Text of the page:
Having taken a little break in our posts to introduce the delights of Lonicera nitida ‘Baggesen’s Gold’ AGM, we can now conclude our countdown of evergreen hedges with the four most popular…
#4 Cherry Laurel (Prunus laurocerasus ‘Rotundifolia’)
The Cherry Laurel is an established garden staple and is often – and unfairly – taken for granted. Its familiar dark glossy green foliage remains unchanged throughout the seasons while its sweetly scented spring flowers and red/black summer/autumn berries bring additional delights. It is also unfussy, easy to grow, a doddle to maintain and a wildlife favourite.
#3 Griselinia Littoralis
Originating from New Zealand, Griselinia has glossy, apple green leaves, tiny yellow flowers in spring and, subject to pruning, purple fruit in autumn. It does everything and grows anywhere that Privet does though with a little extra grace and subtlety – but isn’t quite so tolerant of more exposed sites.
#2 Photinia Red Robin (Photinia x fraseri ‘Red Robin’) AGM
The still growing popularity of Photinia Red Robin confirms that English gardeners are certainly not afraid of making a splash – its new growth is a strong and vibrant deep red which then slowly matures to a glossy dark green. And if you want your hedge to make a statement, with Photinia Red Robin you won’t have to compromise on functionality.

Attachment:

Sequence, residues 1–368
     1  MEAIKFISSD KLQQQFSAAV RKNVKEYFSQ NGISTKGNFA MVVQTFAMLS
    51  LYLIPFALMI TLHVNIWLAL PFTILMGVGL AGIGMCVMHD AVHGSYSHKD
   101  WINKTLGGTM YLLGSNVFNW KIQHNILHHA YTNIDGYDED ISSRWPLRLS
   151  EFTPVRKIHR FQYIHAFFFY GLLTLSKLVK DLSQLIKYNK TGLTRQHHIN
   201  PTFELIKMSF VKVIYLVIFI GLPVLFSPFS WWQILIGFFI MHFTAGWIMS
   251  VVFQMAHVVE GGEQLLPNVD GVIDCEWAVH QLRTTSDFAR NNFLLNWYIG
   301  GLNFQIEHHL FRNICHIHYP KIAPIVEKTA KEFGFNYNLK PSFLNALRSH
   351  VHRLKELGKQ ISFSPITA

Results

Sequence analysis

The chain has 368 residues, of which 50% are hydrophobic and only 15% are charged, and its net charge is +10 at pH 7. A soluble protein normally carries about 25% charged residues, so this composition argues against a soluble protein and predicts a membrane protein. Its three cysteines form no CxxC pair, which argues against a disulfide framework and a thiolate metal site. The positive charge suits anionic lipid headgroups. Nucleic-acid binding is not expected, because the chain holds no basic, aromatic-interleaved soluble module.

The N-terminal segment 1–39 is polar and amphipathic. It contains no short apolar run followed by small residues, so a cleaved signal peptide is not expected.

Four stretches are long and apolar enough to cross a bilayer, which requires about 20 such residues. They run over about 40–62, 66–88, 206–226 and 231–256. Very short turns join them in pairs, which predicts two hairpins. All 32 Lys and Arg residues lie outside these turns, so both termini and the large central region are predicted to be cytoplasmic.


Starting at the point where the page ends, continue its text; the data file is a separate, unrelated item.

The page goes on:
Classic is as classic does – and there is something reassuring and gratifying to see that the stately Yew is, as it has been since we started, our most popular hedging plant. This, despite its unfounded reputation for being difficult to maintain. Certainly not the fastest grower, the patience required is really not that great and is rewarded ten-fold with every year that passes.
Picture: The Yew hedges at Chartwell – the home of Winston Churchill – midway through their annual trim.